Winning Masters’ Par-3 contest was a just reward for Streelman

Wheaton’s Kevin Streelman won the traditional Par-3 Contest that precedes the Masters tournament on Wednesday. That’s not necessarily a good thing, because players consider winning the Par-3 a bad omen. No Par-3 winner has ever gone on to win the Masters.

In Streelman’s case, though, things might turn out differently. He didn’t take his participation in the Par-3 lightly.

His thought process started in December of 2013. That’s when Streelman and wife Courtney were expecting their first child. Daughter Sophia was born more than a month early after Courtney underwent a difficult, worrisome pregnancy.

“That changed a lot of the ways I see children,’’ Streelman told “I have an entirely new appreciation for what parents with children having tough times are going through.’’

The Par-3 is a fun event, and players frequently use family members or friends as their caddies. Streelman’s father was on his bag in in his first Par-3 experience in 2012. His mother got the call in 2013 and his father-in-law last year.

Still moved by Sophia’s struggles at birth Streelman contacted the Make-A-Wish Foundation after securing another Masters berth by virtue of his win in the PGA Tour’s tournament in Hartford, Ct., last year. He asked if any of its patients wanted to attend the Masters and Ethan Couch, the 13-year-old son of a former golf professional in Canada, was anxious to have the opportunity.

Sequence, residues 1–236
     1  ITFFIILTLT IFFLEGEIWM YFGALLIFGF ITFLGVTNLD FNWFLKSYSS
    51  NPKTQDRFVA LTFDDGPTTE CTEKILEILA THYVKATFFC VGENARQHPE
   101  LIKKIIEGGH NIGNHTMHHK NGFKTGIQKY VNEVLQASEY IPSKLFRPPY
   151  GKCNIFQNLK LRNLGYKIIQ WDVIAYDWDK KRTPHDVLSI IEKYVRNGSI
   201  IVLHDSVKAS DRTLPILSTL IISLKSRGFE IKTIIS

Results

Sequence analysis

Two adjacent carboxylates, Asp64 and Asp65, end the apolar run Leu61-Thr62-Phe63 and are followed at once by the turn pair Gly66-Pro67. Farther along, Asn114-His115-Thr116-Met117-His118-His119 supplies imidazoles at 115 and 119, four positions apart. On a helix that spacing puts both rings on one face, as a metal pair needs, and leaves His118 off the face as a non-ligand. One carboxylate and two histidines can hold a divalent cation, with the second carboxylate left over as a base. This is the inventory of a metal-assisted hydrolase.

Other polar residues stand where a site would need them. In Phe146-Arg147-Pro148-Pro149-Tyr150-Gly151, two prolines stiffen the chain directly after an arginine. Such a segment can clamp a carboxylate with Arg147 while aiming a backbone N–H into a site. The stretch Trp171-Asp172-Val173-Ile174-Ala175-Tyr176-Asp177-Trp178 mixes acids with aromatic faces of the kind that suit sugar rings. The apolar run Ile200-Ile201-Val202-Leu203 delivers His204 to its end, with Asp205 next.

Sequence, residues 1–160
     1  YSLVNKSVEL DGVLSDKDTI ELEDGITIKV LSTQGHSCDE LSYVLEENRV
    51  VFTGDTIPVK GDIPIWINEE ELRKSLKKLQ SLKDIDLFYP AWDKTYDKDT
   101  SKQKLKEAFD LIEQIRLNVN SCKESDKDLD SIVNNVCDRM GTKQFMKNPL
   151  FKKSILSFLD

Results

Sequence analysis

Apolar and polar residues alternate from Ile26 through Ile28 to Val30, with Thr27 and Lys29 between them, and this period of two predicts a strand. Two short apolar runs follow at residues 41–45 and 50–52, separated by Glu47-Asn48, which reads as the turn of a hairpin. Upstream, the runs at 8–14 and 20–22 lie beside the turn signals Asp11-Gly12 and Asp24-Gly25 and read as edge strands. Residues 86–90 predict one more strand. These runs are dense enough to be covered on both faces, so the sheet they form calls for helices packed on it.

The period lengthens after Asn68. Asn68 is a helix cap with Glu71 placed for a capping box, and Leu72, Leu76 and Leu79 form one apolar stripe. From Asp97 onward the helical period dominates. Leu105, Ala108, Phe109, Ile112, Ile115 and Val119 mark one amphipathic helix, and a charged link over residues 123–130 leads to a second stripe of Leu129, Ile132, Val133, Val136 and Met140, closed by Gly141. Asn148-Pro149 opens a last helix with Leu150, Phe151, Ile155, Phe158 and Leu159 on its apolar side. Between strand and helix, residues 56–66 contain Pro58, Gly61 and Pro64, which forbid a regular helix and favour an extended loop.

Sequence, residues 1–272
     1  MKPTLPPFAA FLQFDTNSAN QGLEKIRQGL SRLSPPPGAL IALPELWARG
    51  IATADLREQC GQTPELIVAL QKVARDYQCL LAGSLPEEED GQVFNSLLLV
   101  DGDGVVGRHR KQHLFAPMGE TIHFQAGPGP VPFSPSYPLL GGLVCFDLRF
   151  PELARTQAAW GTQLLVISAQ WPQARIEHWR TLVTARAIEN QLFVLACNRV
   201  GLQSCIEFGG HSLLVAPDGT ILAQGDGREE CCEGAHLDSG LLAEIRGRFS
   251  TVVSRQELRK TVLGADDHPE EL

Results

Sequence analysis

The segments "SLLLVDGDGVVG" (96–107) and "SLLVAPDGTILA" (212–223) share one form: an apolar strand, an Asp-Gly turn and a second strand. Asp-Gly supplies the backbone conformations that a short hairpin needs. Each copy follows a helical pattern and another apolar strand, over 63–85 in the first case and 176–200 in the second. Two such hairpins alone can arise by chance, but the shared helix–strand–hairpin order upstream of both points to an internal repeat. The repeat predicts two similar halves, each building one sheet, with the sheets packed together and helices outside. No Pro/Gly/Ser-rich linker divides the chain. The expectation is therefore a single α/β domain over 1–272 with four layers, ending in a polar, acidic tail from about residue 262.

Couch was diagnosed with a brain tumor that’s benign, but inoperable, two years ago. How it will affect the rest of his life is uncertain. He’ll undergo an MRI next week.

With Ethan carrying his bag Streelman went around the nine-hole short course at Augusta National in 5-under-par, which left him in a tie with Camilo Villegas for the top spot. They went to a sudden death playoff, which Streelman won on the third extra hole to make Couch’s day all the more special.

“I just wanted to open the door to someone, and hopefully give him a great day after going through some rough times,’’ said Streelman. “This isn’t about me. It’s about giving back. It’s about using that opportunity that I have to make someone’s wish come true.’’

Streelman, 36, was born in Winfield, developed his golf skills primarily at Cantigny in Wheaton, graduated from Wheaton-Warrenville South High School in 1997 and Duke University 2001. He has two wins since earning his PGA Tour card in 2008.

Though he lost to Streelman in the playoff, the day was special for Villegas as well. He made two holes-in-one in his first eight holes of the Par-3 competition. Six-time Masters champion Jack Nicklaus, now 75, also made a hole-in-one. He’s been playing at Augusta National since the 1960s but never had an ace there until Wednesday, and he somewhat predicted it in a television interview before his round.